Thursday, May 22, 2008

DeKOK AND MURDER ON BLOOD MOUNTAIN by A. C. Baantjer (Speck Press)

When attending a funeral, Amsterdam Inspector DeKok sees a man at the cemetery who is supposed to have been dead for some time (it's not the guest of honor at the funeral!). Vledder, his young partner and friend thinks the gray sleuth is mistaken, but hearing reports of sightings of other presumed dead men, DeKok's certainty is confirmed. The subsequent investigation leads the two policemen to the notorious Bloedberg (Blood Mountain) area of Antwerp. Can it be that a religious order is connected to the reappearance of the dead?

Count me among the fans of the most widely read author in the Netherlands. Baantjer and DeKok are great!

Monday, May 12, 2008

HOLY MOLY by Ben Rehder (St. Martin's Minotaur)

Pick a controversial subject and Ben Rehder will lampoon it, all the while making those in each camp think he's making light of the other side. In his follow-up to Edgar finalist GUN SHY, Rehder takes on television evangelists, conservationists, and academia. The setting once again is Blanco County, Texas and the wild and wacky cast includes Game Warden John Marlin, Sheriff Bobby Garza, and everybody's favorite good ol' boys Red O'Brien and Billy Don Craddock.

The trouble begins when backhoe operator Hollis Farley unearths a dinosaur bone while excavating for construction of "Pastor Pete" Boothe's new megachurch on the banks of the Pedernales River. Murder, mayhem, and mirth leave just enough room for romance—John and Nicole Brooks are planning a wedding, and you'll never believe who else gets lucky.

I started this series late, but I can't wait to get to Texas next week and pick up the earlier books in the series. Y'all have fun now!

THE DIRTY SECRETS CLUB by Meg Gardiner (Dutton)

During a San Francisco earthquake two members of a secret club enact a stunt that becomes the beginning of disaster. Soon afterwards, police lieutenant Amy Tang calls forensic psychiatrist Jo Beckett to a wreck to determine whether it was accident or suicide. Tang's concern is that similar events have ben recurring in 48-hour increments. The two women work frantically to determine who, why—and who's next. Jo's work is intensified when she becomes personally involved, both physically and emotionally.

Gardiner plays totally fair with the reader—the clues are there—but the twists are hidden. Fortunately, I began this one on Sunday afternoon, with plenty of time to reach the riveting climax before bedtime.

HOW TO WRITE KILLER HISTORICAL MYSTERIES by Kathy Lynn Emerson (Perseverance Press)

I knew Kathy was writing this book and I knew it would be good; but, I didn't know it would be THIS good! Kathy Emerson writes cracker-jack historical mysteries (two series), and she's sharing all her secrets in this short primer. Just glancing through the table of contents would help a novice writer avoid dangerous pitfalls—but the glancer would miss wonderful tidbits of information from some of the most widely-read historical mystery writers. Emerson doesn't limit her suggestions to her own; she's solicited input from writers, booksellers, reviewers, and readers. Her points are valid from multiple views.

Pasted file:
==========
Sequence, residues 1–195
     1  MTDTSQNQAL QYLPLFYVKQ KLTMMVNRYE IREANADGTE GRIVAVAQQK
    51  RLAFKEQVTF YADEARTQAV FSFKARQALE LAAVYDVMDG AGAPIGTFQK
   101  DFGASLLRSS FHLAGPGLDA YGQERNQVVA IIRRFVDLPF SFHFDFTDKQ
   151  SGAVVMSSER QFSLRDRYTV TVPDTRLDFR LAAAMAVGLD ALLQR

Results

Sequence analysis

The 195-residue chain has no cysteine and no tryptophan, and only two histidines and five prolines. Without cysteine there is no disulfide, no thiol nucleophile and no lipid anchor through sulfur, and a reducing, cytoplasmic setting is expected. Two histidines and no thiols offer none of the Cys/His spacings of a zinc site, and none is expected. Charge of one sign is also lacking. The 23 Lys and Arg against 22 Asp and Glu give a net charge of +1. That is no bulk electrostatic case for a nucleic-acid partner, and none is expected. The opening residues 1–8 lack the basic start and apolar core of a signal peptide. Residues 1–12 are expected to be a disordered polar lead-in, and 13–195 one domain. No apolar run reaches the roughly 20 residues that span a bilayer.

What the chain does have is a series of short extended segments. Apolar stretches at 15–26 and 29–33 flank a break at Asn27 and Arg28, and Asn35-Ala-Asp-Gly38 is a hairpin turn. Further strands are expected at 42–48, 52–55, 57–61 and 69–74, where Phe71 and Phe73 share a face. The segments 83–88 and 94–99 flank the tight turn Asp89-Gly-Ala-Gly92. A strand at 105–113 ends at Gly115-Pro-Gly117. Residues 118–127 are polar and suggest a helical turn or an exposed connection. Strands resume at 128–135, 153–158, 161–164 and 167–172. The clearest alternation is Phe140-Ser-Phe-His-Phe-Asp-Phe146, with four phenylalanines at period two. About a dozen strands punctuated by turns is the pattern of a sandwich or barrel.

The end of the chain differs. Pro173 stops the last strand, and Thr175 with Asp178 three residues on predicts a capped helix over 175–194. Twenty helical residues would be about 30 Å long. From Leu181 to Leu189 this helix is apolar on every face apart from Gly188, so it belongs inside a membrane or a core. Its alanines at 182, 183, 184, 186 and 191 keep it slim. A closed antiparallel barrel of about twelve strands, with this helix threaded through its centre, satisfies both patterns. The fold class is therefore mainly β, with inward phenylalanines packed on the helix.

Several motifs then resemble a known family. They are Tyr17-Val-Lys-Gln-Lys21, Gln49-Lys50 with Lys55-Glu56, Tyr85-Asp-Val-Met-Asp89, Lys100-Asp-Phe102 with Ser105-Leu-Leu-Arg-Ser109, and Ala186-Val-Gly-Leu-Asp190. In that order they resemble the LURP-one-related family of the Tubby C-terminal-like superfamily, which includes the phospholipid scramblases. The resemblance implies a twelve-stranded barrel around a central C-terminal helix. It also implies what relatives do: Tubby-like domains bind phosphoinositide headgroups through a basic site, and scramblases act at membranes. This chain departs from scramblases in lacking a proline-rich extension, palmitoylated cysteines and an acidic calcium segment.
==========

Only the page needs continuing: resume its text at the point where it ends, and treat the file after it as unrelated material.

I'd recommend this book to anyone who is considering writing mysteries (whether historical or not) or historicals (whether mysteries or not).

COUNT TO TEN by Karen Rose (Grand Central Publishing)

I don't usually review books by bestselling authors--I figure they're too easy to find, but Rose's publicist did a good job of follow-up with me, so I promised to read this one and give it a chance. Boy, I'm glad I did!

Arson investigator Lt. Reed Solliday isn't too happy with being teamed with brash, bossy Det. Mia Mitchell, but the rash of house fires has just accelerated into homicide. There's an obvious thread among the crimes, and Sully and Mia must define it before they can identify the perp. Even as the two make headway on their investigations (and their relationship) the crimes become more violent—and personal.

Rose really knows how to plot a page-turner! You'll find yourself looking over your shoulder as you read by the midnight oil.

Saturday, May 10, 2008

THE MERCY OAK by Kathryn Wall (St. Martin's Minotaur)

I knew my cousin Ann Schafran was a big fan of Kathryn Wall, so I asked her to review this one for you. Here's her assessment:

Spring is my favorite time of the year. I love it because the long dark days of winter are gone, trees and flowers begin to bloom and leaf, and Kathryn Wall publishes another Bay Tanner mystery. Since reading her first book, I have become addicted. I love the thrill of the mystery and the way she weaves two or more into her books. I also lover Hilton Head Island, so I thoroughly enjoy reading about places I know and enjoy visiting.

In this outing, Bay is faced with a mystery that has touched very close to home—her very much loved housekeeper and her family are involved. While trying to find out what happened in a hit and run, Bay deals with an immigration problem, several holdups, the disappearance of her housekeeper and her family and even finds herself in danger along with her father’s longtime housekeeper Lavinia.

She has also found a stronger liking for Red, the deputy sheriff and the brother of her deceased husband. By the end of the book, all problems have been solved to the satisfaction of the reader; and, Bay, along with the Sheriff’s Department has solved the crimes.